Tokyo Market: Internet boosts investors' confidence
Sunday 25 April 1999
Investors will be listening for hints about additional government spending aimed at pulling Japan from its worst recession in five decades. "We have the force of momentum," said Takashi Kuribayashi, manager at Mito Securities. "And with America so strong, the money flows into Japan as well - no one is buying on earnings or economic fundamentals."
The benchmark Nikkei gained for a third week in four, closing at 16,923.25. The benchmark may trade between 16,500 and 17,500 this week, Mr Kuribayashi said.
Overseas investors are shifting money into Japanese stocks as they seek markets with room to grow. "Apparently US pension funds are starting to look at the Nikkei," said Chua Soon Hock, strategist at Sanwa Bank. "While, as usual, the Japanese funds are still very defensive, my money is with the foreigners."
Investors will also tune to currency changes after this week's Group of Seven finance ministers meeting, which may give approval for the dollar to trade in the Y120 range, and that level or a weaker yen could lift exporters and technology shares. Moreover, Japan could see more government spending.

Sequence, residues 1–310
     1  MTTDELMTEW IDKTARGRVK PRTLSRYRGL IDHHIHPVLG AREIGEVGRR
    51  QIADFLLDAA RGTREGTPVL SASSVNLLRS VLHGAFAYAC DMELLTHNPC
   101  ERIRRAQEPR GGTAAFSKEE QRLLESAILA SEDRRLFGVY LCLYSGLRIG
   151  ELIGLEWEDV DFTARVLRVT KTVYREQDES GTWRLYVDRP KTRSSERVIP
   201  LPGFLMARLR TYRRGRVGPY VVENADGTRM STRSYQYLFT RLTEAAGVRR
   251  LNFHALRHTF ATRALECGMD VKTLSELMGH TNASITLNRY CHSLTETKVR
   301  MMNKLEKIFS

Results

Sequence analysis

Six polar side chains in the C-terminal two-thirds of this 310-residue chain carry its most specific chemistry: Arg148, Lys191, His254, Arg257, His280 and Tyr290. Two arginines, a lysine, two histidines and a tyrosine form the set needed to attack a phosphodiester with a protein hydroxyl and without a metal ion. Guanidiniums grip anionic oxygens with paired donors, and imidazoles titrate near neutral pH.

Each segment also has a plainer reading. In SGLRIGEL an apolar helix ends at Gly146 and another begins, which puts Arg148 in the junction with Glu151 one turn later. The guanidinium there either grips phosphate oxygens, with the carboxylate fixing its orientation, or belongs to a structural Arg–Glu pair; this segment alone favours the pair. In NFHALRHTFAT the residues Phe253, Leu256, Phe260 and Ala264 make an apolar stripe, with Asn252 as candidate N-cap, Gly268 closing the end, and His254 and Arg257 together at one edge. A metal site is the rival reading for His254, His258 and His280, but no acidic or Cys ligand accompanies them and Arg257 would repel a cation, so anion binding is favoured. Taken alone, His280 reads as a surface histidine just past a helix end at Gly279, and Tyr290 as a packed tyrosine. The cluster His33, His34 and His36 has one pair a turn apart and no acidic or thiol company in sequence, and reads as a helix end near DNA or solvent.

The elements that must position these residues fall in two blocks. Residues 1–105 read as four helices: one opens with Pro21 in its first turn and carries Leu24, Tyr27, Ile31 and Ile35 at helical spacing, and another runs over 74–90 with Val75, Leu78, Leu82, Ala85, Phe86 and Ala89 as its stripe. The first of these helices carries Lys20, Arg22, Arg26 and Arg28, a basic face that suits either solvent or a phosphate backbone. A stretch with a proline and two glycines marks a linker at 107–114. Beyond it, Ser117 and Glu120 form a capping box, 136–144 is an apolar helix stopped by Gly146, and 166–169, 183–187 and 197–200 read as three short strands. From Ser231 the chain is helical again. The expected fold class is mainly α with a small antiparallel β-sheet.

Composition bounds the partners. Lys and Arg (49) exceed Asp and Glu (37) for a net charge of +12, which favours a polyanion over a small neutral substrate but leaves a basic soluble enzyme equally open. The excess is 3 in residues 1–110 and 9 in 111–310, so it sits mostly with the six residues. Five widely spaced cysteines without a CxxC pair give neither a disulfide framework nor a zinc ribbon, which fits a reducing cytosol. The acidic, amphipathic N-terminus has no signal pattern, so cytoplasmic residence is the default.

"I think Japan could be strong next week ... market sentiment is positive," said Alex Muromcew, manager at Nicholas Applegate Capital Management. "Now we have this rumour that we're going to have yet another fiscal stimulus package from Obuchi. There seems to be good news on the horizon."
The US market's response to results last week from internet companies is likely to be mirrored in Japan. "The internet companies seem to be unable to do any wrong," said Mr Muromcew. "So you probably want to buy Softbank and Yahoo!."
Yet Japan's three big brokers may fall after posting worse-than-expected results after Friday's market close. Nomura posted its biggest loss to date last year. Nikko Securities and Daiwa Securities also announced losses.
Still, with Golden Week holidays starting on Thursday and continuing next week, volume is likely to dwindle and gains may be capped. "No one wants to go out on a limb before a holiday," said Koichi Kurata, at Asahi Life Investment Management.
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